Create your own Art Gallery, and then rob it!
The obscenely-rich Harrington family invites you to an exhibition of their priceless art. Upset that his family hoards wealth, though, their youngest son, Charles, asks your party to steal a painting…
Fearing detection, Charles leaves only a series of clues to help you find the right artwork. But you’re not alone! Charles has also convinced one of the staff to help you escape…
Can you find the painting, steal it and flee the scene – all in 60 minutes?
If you’ve ever thought that you’d like to try an escape game, but are hesitant to spend the £15-£20 (or more) per person without knowing if you’ll like them, then the Trapped series could be just what you’re looking for. Trapped brings the escape room to you and is perfect for beginners and veterans alike, depending on the game you choose.
There are currently three games available to play in the series: The Bank Job, The Carnival, and of course, The Art Heist. We had previously played The Bank Job, rumoured to be the most difficult of the games, so felt well prepared to take on stealing the painting in The Art Heist, as that is marketed as being medium difficulty.
On a rainy afternoon I turned our living room into an art gallery, and later that evening, we entered the room for a night “out,” filled with puzzles, art, and a bit of thievery. (Option to add wine for an added air of pretentiousness.)
A blend between an escape game and a board game, the Trapped series games aim to bring the escape room to you; any room can be an escape room, after all. The game itself is paper-based and The Art Heist provides everything you may need to set up and complete your mission within the box, including low tack double-sided tape to turn the room of your choice into a proper art gallery. The only thing you may need to provide is something to take notes on. And of course, the venue.
The game itself is relatively open to begin, and you can choose whether you work on each puzzle as a team, or utilise the non-linear structure to your advantage. If you set up everything according to the instructions, you will have created a gallery style picture wall, and with the inclusion of several security badges to allow the team to take on different characters if they so wish, the game has the potential to be as immersive as you want, depending on how far you choose to take it.
It’s worth noting that the set-up guide included with the game gives a handy list of everything that should be contained within. This is useful, but in the case of The Art Heist, can be confusing. Some of the components listed are contained within an envelope that you are instructed not to open until you reach a certain point in the game. Because of this, we (as well as a few other teams) thought that some components were missing from the game until I peeked in the forbidden envelope and discovered our error.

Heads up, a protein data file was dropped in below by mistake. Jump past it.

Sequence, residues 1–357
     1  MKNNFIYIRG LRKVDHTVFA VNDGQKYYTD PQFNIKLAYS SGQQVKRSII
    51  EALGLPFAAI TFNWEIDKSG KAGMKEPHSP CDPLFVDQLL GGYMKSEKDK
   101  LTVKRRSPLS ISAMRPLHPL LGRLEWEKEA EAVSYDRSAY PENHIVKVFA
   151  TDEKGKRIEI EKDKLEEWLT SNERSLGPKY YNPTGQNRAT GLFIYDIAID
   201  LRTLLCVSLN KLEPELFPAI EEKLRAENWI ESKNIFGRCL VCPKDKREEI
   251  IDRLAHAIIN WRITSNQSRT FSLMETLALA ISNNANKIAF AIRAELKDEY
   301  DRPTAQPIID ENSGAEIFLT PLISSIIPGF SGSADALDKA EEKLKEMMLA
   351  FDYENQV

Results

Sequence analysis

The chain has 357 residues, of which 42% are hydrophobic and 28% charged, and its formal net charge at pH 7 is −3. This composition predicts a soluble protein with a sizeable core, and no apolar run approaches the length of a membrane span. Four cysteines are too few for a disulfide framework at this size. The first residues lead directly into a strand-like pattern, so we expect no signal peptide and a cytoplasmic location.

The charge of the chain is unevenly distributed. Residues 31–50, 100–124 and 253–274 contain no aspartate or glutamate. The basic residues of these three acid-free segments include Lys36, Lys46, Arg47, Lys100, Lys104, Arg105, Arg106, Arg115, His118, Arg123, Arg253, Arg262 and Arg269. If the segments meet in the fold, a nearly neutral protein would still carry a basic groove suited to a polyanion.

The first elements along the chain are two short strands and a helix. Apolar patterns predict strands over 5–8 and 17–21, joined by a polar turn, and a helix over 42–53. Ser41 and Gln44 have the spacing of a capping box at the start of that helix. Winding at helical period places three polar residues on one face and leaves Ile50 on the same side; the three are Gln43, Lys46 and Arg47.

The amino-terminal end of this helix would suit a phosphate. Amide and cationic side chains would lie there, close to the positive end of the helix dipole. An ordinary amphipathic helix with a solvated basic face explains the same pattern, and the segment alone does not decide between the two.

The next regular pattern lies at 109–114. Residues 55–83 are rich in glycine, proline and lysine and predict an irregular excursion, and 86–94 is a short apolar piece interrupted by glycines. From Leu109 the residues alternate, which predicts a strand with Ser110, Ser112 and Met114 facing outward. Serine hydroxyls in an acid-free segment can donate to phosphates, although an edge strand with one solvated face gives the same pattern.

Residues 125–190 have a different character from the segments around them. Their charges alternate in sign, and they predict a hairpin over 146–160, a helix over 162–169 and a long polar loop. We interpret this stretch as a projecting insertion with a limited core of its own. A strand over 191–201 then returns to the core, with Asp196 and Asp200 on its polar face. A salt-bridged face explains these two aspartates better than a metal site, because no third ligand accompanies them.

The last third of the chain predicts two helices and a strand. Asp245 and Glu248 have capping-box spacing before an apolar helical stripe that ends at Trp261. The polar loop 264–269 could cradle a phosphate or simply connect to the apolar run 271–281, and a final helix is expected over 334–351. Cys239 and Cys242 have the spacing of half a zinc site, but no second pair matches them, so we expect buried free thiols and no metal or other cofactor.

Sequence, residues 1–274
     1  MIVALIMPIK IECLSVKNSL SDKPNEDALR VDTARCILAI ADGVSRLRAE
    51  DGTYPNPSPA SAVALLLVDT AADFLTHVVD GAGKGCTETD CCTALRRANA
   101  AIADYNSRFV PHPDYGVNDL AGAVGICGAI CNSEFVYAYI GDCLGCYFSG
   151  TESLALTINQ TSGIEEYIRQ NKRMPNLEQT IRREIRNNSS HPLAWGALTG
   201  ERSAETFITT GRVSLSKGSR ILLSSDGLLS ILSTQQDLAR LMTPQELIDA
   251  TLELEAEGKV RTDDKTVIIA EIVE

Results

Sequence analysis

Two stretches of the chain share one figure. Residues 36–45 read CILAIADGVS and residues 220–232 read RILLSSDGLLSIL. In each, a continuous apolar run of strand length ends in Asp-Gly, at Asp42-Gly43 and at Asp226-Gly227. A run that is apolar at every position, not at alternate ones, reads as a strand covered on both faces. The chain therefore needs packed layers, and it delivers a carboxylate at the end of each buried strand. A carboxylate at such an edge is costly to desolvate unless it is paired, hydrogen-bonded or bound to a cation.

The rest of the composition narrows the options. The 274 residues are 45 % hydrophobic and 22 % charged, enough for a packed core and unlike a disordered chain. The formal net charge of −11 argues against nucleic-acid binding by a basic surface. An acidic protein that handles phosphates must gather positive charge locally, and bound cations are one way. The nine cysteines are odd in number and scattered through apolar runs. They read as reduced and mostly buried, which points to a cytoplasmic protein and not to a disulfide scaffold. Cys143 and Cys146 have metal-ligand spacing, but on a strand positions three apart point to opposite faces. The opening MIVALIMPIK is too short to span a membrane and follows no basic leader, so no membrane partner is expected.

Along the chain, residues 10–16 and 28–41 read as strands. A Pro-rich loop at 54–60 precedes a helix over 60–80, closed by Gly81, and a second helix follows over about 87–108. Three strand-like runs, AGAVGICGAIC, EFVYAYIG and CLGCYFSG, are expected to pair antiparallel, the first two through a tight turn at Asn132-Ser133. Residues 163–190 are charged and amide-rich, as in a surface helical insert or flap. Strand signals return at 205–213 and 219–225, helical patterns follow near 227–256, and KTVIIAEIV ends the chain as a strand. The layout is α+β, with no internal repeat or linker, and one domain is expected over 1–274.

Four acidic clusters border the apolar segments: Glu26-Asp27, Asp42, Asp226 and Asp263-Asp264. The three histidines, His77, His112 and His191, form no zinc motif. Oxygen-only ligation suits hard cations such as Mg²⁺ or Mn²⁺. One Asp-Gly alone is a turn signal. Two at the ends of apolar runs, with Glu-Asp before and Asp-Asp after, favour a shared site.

Logic, observation, codes, patterns, and a bit of physical manipulation – if you’ve done it in an escape room expect to find it in The Art Heist. Apart from padlocks of course. While difficulty is subjective, The Art Heist is (in my opinion) on the easier end of the spectrum, even for being classed as Medium difficulty, so puzzle fiends are unlikely to find many challenges, apart from the occasional leap of logic.
On the subject of logic, while it’s no secret that I love a good logic puzzle, the final puzzle in The Art Heist significantly slowed the pace of the game, felt a bit out of place, and ended up being rather anti-climactic due to the slow nature, and left us thinking, “Is that is?” It might have been less anticlimactic had we had another task after, or if there was a way to implement the information for our escape, but I suppose it’s somewhat limited by the fact that the game is entirely made out of paper.
The Trapped games have one of the most unique clue systems we’ve seen in any play at home game. Like most of the escape-style games that can be played at home, the clues for each puzzle are delivered in a granular manner, beginning with a cryptic one and getting progressively less and less cryptic as you take more. The genius in the delivery is actually the method in which they are delivered.
Like the other games in the series, the clues for The Art Heist are available in a booklet, but in order to ensure that players only see the clue for the puzzle in which they need, the clues are scrambled and require the special decoder card to read them. It’s incredibly clever and less fiddly than if each clue were provided on an individual card.
Newcomers to the world of at-home escaping, Trapped have raised the bar for my expectations from an escape room in a box. The Art Heist is possibly on the easier side for hard-core escape enthusiasts but would be perfect for a family get-together. The games are completely reusable if you’re gentle, so I think I know what I’m taking home for Christmas this year.
- Note-taking implements may be useful
|Value for Money|
Team: 2 players
Time Taken: 37 minutes
Website: Available from a number of escape rooms or on Amazon (https://www.amazon.co.uk/Trapped-AH001-Waiting-Puzzles-Friends/dp/B08556DXN3)
*Disclaimer: we weren’t charged for this experience and it was gifted by Golden Bear, but this has not influenced our review